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All About Power Cords in Your Data Centers

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For every power supply, there is a separate cord that supports its work. Server power cord plays an important role in connecting the servers and PDUs. It is vital to choose the suitable network systems as power cord standards differ on the basis of the countries.

In this article, we will discuss the server power cords and their applications.

You can use power cords or jumper cords to connect with the server. They consist of three necessary components i.e. plug, cord, and receptacle. There are different types of cords available across the globe. But, amongst all, the most common ones are the IEC60320 power cords and nema power cords.

IECs are available in North America and other countries have NEMA cords. Going further among these server power cables, the most common among the vendors like Dell, HP, and many others are C13 to C14 power cords. There are many different types in these two types of cords.

Let's understand the applications of these power cords in different cabling systems:

  1. Cabling in Low Density System:

    It is easy to install cords for low density systems. For example, you need to take a server in a tower configuration, it needs to use a country-specific cord for direct connection to a facility AC feed.

    The server availability requires providing redundant AC power to the server in the form of a redundant AC bus or a UPS.

    Remember connecting with the local AC outlet requires you to have optional country-specific cords for each of the power supply.

  2. Cabling for Medium Density:

    Medium density system is a bit complex compared to the low density system. Hence, there are different types of accessories needed to achieve an effective connection.

    Some servers contain hot pluggable fans accessible for sliding the chassis out on rails. Make sure that the cords or jumper cables connect to the server at the adequate length and slack to allow chassis movement and stay connected and running.

  3. Cabling for High Density System:

    Power cords used in high density systems are short as cable movement is little. There are three ways to connect enclosures to AC power:

    • C13 to C14 cords are useful to connect a single supply server to a vertical mount PDU and it is suitable for low density installations.
    • C13 x4 to C20 fixed cord extension bars: it is a method recommended for extreme density installations which uses redundant power supplies.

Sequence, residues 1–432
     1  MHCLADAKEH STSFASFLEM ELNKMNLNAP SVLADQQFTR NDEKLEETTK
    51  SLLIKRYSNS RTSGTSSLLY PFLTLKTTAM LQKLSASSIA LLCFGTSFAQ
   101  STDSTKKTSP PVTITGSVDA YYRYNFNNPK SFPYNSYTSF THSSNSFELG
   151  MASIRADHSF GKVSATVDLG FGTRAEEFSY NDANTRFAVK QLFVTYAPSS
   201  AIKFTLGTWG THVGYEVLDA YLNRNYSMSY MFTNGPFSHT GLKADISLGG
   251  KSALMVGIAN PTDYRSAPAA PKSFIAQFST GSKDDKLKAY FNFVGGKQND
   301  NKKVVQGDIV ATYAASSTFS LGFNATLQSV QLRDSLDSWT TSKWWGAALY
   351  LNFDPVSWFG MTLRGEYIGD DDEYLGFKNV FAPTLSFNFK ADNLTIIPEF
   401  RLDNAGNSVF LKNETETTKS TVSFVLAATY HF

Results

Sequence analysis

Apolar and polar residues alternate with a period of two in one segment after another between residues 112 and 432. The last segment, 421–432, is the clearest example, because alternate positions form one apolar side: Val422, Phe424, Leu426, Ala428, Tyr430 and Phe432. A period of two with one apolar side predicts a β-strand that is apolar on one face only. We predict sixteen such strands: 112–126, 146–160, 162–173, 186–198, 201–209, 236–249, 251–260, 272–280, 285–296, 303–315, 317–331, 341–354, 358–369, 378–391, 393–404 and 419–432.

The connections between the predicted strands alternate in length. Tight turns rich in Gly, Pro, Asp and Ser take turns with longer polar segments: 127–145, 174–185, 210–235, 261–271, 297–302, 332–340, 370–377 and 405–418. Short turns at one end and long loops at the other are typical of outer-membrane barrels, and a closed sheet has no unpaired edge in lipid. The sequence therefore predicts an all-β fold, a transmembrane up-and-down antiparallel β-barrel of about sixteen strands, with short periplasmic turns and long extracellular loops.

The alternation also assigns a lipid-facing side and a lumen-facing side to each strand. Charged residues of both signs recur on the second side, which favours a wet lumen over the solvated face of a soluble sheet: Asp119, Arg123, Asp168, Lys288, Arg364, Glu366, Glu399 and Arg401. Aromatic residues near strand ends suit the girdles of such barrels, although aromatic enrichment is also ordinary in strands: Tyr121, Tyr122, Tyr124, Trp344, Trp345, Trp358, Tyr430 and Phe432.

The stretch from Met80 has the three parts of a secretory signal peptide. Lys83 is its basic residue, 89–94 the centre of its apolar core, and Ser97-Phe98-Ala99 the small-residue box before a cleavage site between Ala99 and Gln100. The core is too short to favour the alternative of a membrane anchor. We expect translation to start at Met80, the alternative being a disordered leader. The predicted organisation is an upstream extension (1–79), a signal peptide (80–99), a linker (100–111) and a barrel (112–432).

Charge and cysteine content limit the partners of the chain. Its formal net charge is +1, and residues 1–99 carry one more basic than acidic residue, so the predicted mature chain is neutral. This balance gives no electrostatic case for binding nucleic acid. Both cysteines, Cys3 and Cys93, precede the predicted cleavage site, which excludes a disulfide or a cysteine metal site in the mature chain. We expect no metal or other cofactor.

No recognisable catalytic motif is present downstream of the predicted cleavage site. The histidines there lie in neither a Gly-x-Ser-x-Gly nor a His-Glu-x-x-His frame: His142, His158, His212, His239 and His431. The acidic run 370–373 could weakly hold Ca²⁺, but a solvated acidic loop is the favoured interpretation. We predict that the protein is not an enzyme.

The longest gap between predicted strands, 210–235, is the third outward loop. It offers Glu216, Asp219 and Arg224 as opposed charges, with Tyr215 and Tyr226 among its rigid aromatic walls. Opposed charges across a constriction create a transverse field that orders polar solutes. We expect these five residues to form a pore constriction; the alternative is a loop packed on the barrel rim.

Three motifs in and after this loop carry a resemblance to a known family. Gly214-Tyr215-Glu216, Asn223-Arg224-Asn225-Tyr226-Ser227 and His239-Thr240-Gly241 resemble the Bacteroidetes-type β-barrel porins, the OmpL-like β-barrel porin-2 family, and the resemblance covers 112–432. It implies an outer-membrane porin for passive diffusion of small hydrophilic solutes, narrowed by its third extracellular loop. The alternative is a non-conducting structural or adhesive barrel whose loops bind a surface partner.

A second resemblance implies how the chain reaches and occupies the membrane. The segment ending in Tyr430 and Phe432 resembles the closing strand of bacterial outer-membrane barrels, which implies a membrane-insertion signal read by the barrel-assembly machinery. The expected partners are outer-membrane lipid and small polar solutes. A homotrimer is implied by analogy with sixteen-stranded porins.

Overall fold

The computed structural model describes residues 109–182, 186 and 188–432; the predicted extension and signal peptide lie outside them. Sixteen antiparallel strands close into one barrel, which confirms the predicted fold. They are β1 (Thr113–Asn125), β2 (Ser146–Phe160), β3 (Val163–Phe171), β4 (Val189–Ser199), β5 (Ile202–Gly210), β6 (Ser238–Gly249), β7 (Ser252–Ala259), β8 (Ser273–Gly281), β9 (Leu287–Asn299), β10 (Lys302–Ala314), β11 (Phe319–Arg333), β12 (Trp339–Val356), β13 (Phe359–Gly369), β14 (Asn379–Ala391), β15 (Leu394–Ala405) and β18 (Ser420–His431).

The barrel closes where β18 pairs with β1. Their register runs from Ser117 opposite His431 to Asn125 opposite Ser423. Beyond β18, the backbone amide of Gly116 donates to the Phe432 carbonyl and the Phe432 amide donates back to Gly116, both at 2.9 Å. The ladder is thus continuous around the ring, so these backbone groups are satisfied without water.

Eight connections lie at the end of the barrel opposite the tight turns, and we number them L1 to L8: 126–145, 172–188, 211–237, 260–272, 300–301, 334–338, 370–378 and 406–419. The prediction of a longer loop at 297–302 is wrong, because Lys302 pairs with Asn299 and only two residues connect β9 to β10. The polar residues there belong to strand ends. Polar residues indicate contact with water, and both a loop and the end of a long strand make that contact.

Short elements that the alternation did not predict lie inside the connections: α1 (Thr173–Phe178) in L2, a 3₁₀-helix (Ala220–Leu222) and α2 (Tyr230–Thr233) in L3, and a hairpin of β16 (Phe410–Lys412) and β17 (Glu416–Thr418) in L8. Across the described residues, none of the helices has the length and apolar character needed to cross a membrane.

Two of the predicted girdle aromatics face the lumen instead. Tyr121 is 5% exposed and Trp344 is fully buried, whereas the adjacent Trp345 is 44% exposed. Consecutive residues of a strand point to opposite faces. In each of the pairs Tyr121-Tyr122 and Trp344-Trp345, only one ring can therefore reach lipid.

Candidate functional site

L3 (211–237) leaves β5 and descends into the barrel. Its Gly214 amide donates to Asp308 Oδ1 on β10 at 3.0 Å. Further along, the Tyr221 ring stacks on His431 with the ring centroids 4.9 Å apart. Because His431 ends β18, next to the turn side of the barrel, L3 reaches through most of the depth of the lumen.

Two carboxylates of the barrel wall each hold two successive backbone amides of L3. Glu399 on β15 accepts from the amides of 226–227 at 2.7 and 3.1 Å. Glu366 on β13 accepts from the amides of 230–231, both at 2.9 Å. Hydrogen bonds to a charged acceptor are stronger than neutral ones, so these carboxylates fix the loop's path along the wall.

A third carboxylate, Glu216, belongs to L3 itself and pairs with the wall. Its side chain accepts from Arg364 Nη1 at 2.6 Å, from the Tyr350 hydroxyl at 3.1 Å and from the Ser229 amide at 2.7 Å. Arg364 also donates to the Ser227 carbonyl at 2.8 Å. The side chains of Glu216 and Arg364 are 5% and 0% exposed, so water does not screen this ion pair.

• In the third category, it uses C13 x2 to C20 Y cable. It is useful for connecting a server with dual 1200 watts power supplies directly to a PDU core with C19 outlets.

    There are many cables which are useful for high density systems and for systems like this, color coding is a useful method.

     

    Going further let's have a look at the best practices of these cords in the data centers and connecting with the power plug adapters.

    While designing the data centers or mapping the racks, we often tend to forget the cords. But, choosing the correct cord helps you in lessening energy consumption, data center uptime, and service response times.

Without further ado, let's begin:

  1. Length Cord:

    The most important rule that you should have to build an efficient data center cord is choosing the right length. Shorter the length the better it is. Sometimes, there is power lost in the cords due to longer lengths, and this results in loss of hundreds of dollars annually.

    The length of cords also plays a major role in the airflow within the data cabinets and longer cords cause a blockage.

  2. Using the Correct Gauge:

    It is important to select the correct gauge cord. The large diameter conductors carry electrical current more efficiently and it can be a fire hazard to use a cord using gauge that is too thin for the requirements.

  3. Using color coded power cords:

    Tracing a cord from source to equipment is foolproof if you are using different color cords. This can help you identify redundant power paths and can prevent unwanted disconnections while moving.

  4. Use shielded pairs:

    EMI is a serious issue in the data center. Usually, Ethernet cables have the connections made of unshielded twisted pair grade cable. If the unshielded twisted pair is within the proximity of an unshielded AC power cord, then EMI can occur. This results in performance degradation. Whereas, shielded cords can reduce the irregular data problems which can positively affect your organization.

Conclusion:

Server cords play a vital role in bridging the network device power supply system. One also needs to make sure about the power plug adapters they are using in data centers. Power cords are multipurpose and each of them has their own benefits.

Source: https://www.sooperarticles.com/shopping-articles/electronics-articles/all-about-power-cords-your-data-centers-1778156.html

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